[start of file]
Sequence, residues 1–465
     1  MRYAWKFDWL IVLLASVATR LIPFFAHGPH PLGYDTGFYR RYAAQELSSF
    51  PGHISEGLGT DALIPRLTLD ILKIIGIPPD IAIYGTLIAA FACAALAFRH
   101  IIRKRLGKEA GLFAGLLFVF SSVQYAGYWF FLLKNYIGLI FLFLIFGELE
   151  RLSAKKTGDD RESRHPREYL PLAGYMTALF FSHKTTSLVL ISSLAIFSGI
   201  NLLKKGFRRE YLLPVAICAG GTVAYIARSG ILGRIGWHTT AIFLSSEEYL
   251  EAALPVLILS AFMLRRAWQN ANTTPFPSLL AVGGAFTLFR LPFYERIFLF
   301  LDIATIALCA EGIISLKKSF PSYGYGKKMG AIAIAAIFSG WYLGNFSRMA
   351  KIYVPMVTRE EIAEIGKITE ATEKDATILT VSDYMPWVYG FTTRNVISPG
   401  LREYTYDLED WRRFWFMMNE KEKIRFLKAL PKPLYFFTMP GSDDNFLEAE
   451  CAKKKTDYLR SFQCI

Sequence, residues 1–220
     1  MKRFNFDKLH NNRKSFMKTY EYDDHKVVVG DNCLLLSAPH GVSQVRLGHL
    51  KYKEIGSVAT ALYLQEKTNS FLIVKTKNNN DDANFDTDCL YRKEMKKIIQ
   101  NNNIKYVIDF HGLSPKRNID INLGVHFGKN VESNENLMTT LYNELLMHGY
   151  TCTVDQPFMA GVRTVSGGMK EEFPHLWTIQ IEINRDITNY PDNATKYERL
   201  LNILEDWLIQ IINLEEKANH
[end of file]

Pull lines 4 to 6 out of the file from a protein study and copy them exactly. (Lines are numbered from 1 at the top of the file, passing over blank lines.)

   101  IIRKRLGKEA GLFAGLLFVF SSVQYAGYWF FLLKNYIGLI FLFLIFGELE
   151  RLSAKKTGDD RESRHPREYL PLAGYMTALF FSHKTTSLVL ISSLAIFSGI
   201  NLLKKGFRRE YLLPVAICAG GTVAYIARSG ILGRIGWHTT AIFLSSEEYL